Defense-in-Depth: A Necessary Approach to Cloud Security
By Angelo Marcotullio, Chief Information Officer at CIS
Cloud security isn't getting any easier. A 2022 report stated that 45% of businesses had experienced either a data breach or failed audit in the cloud over the preceding 12 months. That's up 5% over the previous year. Approximately one-fifth of respondents to the study cited an increase in cloud-based cyber attacks including malware, ransomware, and phishing/whaling.
Given these challenges, you can’t rely on just any approach to secure your cloud-based systems and data. You need a strategic approach like defense-in-depth that will protect you against cyber threats from multiple angles. In this blog post, I will explain how defense-in-depth works, why it’s a necessary methodology for securing the cloud, and how you can achieve defense-in-depth through the Center for Internet Security (CIS).
3 Benefits of Implementing Defense-in-Depth in the Cloud
Defense-in-depth is the implementation of multiple layers of security controls around your data and security systems. It's like an onion. Each layer is a cybersecurity control that makes it more difficult for an attacker to get to your data at the core. This holds true for whether you store your data on premises or in the cloud.
Even so, the cloud is complex and dynamic compared to environments that are on premises. It doesn't take days or weeks to get something up and running. In the cloud, you can bring up systems as quickly as possible. This creates a degree of flexibility as well as complexity that can be difficult to manage from a security perspective.
By taking a defense-in-depth approach to your cloud security, you can do the following:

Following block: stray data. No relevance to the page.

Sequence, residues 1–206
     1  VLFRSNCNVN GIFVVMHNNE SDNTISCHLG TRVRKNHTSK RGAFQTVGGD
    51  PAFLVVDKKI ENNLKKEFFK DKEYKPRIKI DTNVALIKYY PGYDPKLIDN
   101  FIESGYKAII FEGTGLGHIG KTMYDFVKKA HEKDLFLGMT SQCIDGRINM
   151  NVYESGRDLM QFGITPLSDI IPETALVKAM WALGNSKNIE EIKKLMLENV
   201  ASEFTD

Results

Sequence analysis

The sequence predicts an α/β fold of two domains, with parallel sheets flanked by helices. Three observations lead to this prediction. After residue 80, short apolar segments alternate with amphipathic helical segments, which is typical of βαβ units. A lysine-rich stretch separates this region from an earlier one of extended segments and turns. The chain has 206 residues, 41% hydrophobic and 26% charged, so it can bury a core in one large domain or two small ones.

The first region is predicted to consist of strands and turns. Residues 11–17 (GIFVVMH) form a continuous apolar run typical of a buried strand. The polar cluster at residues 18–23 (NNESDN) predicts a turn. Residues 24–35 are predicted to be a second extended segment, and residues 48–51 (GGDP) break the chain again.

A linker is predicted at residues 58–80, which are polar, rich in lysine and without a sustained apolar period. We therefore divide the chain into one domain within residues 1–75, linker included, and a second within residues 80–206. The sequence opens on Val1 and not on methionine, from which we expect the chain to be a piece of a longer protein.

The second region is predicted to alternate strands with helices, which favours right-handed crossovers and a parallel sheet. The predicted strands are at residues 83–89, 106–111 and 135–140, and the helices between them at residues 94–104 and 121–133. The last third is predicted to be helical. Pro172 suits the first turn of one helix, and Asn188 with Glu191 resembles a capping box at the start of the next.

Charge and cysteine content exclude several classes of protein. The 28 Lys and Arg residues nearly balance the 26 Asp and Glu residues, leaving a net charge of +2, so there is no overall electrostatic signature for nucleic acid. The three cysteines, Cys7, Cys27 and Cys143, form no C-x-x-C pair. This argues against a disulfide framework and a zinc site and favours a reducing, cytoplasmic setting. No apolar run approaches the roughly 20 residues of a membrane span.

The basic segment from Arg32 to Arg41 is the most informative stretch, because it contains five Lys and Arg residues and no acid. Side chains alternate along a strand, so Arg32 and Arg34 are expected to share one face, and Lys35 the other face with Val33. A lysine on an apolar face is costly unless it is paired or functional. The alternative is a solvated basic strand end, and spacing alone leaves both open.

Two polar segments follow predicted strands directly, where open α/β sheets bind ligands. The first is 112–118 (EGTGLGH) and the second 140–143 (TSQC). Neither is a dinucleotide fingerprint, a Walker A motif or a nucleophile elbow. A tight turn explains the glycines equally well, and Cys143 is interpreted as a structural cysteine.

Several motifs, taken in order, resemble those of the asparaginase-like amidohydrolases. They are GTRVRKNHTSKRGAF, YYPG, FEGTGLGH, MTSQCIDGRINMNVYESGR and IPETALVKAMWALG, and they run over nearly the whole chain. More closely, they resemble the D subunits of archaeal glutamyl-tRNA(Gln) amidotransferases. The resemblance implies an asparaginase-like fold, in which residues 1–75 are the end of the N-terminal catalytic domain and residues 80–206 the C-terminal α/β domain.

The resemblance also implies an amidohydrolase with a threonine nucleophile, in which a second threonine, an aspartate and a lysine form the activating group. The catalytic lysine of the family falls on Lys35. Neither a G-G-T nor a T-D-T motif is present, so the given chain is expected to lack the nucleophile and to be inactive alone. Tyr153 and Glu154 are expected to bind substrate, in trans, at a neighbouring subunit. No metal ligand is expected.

- Prevent any single point of failure: Successive defenses prevent cyber threat actors (CTAs) from using ransomware, phishing, etc. to breach your cloud-based assets.
- Create hurdles for cyber threat actors: Because it's so difficult for CTAs to infiltrate your defenses, they'll be more inclined to go target other organizations.
- Establish multiple opportunities for incident response: Say that someone tries to log in as one of your users at 03:00, for example. Your IT and security team can see this and raise the alarm so that you can address the incident before it escalates into a data breach.
How You Can Take a Defense-in-Depth Approach with CIS
You can adopt a defense-in-depth approach to cloud security using three resources at CIS.
CIS Critical Security Controls
Your defense-in-depth journey begins with the CIS Critical Security Controls (CIS Controls). Focused on the corporate IT network, the CIS Controls are prioritized and prescriptive best practices that help you to defend against common cyber threats, as noted in our Community Defense Model v2.1. The Controls are freely available on the CIS website.
We've organized the Controls into Implementation Groups (IGs) to help you strengthen your cybersecurity maturity over time. You begin with Implementation Group 1 (IG1), which is our definition of essential cyber hygiene. From there, you move onto implementing the rest of the Controls using Implementation Group 2 (IG2) and Implementation Group 3 (IG3).